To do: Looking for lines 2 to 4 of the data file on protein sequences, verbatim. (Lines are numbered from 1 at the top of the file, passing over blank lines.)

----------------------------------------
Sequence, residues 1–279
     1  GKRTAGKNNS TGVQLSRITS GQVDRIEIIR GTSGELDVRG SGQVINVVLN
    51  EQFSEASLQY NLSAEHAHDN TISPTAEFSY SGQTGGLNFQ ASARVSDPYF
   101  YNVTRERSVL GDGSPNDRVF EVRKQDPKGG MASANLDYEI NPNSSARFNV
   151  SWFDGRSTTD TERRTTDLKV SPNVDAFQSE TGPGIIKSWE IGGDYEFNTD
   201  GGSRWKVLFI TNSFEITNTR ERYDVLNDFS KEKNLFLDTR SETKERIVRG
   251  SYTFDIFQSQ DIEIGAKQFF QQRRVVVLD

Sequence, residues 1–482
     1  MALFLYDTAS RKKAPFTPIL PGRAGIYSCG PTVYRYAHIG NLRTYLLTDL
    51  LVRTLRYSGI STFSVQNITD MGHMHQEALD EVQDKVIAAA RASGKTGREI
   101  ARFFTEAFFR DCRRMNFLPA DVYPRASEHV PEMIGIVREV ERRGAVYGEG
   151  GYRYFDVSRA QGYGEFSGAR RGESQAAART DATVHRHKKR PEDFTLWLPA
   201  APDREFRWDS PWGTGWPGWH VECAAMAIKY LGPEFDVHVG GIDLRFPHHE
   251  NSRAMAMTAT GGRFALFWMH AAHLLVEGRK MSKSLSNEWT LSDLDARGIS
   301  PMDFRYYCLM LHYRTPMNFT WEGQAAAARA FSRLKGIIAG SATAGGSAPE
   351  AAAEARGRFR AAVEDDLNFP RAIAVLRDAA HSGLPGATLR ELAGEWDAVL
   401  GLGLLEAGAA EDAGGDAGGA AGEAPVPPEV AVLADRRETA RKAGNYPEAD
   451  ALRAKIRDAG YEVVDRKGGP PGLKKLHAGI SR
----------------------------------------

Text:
     1  GKRTAGKNNS TGVQLSRITS GQVDRIEIIR GTSGELDVRG SGQVINVVLN
    51  EQFSEASLQY NLSAEHAHDN TISPTAEFSY SGQTGGLNFQ ASARVSDPYF
   101  YNVTRERSVL GDGSPNDRVF EVRKQDPKGG MASANLDYEI NPNSSARFNV